Solomon Islands values its 2017 Security Agreement with Australia, it is the country’s first Security Agreement. In diversifying the country’s security partnership including with China, the Government is working to sign off and implement a number of development frameworks with China to further create a secure and safe environment for local and foreign investments including Civil Aviation Services Agreement with China, Expanding Trade under Non Reciprocal Trading arrangement with China and sending more students to China for tertiary education in addition to those that left our shores this week.

Solomon Islands continue to preserve its Security Agreement with Australia as it develops and deepen its relations with all partners including with China. Solomon Islands recognise and appreciate the presence of Australia, Fiji and New Zealand security personnel covered under the Solomon Islands – Australia Treaty and a bilateral arrangement with Papua New Guinea which is being finalized. We thank the four countries for their presence in support to the Royal Solomon Islands Police Force (RSIPF) and the people of Solomon Islands.

Solomon Islands also applaud all development support and assistance from all partners including China, Australia, New Zealand, Japan, United States, and Indonesia amongst other others.

Against the backdrop of Solomon Islands wide range of bilateral Agreements with Papua New Guinea, Solomon Islands is also looking at establishing bilateral security arrangement with neighbouring Fiji.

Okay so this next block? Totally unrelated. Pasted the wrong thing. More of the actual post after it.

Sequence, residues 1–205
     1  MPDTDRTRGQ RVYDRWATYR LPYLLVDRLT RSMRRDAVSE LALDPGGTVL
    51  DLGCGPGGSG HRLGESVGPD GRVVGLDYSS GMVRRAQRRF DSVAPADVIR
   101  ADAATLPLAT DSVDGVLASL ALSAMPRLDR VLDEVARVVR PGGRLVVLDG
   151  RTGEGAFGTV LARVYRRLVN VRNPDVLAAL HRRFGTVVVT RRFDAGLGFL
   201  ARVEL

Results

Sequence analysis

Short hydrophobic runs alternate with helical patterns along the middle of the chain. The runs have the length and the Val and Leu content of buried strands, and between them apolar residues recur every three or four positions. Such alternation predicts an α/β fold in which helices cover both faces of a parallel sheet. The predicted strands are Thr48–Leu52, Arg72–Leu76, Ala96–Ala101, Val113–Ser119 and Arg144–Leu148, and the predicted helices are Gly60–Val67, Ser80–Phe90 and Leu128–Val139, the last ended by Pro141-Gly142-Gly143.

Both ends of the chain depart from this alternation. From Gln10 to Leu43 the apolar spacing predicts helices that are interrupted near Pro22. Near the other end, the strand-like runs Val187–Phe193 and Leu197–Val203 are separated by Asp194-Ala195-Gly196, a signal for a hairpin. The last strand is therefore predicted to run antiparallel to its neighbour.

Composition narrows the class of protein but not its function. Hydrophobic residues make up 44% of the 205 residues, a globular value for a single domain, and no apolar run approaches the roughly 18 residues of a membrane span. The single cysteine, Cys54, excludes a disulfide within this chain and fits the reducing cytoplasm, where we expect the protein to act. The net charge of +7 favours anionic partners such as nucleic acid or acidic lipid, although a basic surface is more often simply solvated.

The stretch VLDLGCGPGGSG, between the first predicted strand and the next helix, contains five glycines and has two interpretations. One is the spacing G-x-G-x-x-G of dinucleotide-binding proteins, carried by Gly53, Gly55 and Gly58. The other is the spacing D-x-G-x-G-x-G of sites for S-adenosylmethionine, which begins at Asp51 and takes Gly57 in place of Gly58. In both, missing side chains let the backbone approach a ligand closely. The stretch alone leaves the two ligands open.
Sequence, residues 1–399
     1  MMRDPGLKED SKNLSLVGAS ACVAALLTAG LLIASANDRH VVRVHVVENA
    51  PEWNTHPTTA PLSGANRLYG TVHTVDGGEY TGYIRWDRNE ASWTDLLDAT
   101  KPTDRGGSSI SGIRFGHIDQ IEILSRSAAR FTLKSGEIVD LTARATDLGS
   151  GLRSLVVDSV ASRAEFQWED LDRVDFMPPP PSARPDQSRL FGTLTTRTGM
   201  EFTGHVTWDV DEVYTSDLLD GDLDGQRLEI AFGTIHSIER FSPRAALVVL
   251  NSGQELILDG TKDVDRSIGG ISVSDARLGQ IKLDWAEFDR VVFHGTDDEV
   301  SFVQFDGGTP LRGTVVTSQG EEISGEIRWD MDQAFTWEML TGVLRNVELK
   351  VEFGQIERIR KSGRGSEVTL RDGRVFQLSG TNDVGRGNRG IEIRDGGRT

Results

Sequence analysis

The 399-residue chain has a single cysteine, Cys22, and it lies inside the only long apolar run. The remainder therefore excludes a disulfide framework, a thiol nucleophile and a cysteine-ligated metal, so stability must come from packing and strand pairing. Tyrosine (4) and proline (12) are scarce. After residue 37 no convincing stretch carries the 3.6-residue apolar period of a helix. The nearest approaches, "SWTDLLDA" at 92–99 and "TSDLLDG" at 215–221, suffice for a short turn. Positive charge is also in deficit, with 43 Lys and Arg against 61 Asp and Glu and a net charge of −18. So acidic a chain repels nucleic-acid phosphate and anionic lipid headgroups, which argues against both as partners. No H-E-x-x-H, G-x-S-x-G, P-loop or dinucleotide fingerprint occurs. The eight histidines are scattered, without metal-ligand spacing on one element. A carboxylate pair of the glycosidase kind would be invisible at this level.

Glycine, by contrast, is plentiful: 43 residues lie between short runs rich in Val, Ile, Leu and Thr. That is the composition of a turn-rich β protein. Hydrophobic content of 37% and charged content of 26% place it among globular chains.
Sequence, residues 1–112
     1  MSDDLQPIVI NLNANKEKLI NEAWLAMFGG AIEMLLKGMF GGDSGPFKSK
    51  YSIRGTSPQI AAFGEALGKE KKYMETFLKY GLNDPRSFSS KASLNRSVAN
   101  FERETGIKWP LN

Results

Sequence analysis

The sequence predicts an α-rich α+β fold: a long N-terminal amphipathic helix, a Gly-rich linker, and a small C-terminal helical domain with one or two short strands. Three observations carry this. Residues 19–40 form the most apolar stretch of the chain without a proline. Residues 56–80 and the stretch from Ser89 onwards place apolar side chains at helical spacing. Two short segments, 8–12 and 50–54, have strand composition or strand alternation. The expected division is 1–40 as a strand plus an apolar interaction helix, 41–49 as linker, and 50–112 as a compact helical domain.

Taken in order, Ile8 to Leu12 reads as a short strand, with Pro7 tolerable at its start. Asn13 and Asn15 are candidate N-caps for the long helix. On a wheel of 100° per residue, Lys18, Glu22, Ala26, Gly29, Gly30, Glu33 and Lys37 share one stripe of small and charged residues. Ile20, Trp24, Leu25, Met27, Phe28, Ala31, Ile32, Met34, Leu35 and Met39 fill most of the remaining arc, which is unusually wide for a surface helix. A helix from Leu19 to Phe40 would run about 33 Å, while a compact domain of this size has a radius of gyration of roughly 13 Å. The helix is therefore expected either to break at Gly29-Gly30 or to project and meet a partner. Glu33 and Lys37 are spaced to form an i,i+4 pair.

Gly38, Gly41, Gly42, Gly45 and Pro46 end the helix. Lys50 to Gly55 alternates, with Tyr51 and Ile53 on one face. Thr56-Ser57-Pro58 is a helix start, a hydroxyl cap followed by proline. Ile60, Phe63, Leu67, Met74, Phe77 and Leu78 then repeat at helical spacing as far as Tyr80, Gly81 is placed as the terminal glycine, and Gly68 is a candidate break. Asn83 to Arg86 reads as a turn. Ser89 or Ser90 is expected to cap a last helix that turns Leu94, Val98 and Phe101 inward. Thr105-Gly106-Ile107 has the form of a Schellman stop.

Fiji has a shared history of service with Solomon Islands under various arrangement including in recent past under the Commonwealth, RAMSI and now Solomon Islands Assistance Force (SIAF). Solomon Islands hope to see a sub-regional arrangement in place to respond to any form of warm or hot threats facing the sub region.

Solomon Islands is working hard to keep building and strengthening the capability and the capacity of the RSIPF. Solomon Islands welcomes necessary trainings and equipment offered by Solomon Islands two major partners Australia and China. All trainings received compliments each other and has a single goal to equipping and enhancing the capability and capacity of the RSIPF. We acknowledge with appreciation the support of the two partner countries.

The country is located in a global hotspot where the impact of climate change is three times the global average. It is still going through its nation building process and has placed much focused on improving the quality of lives of our people, indirectly addressing and overcoming stresses of a diverse society to achieve social cohesion.

More development cooperation is being sought within and externally to ensure the country is put back on track especially during this difficult time with the impact of COVID-19 on people’s lives, building the economy including damages caused by the recent riots and looting and the population’s wellbeing.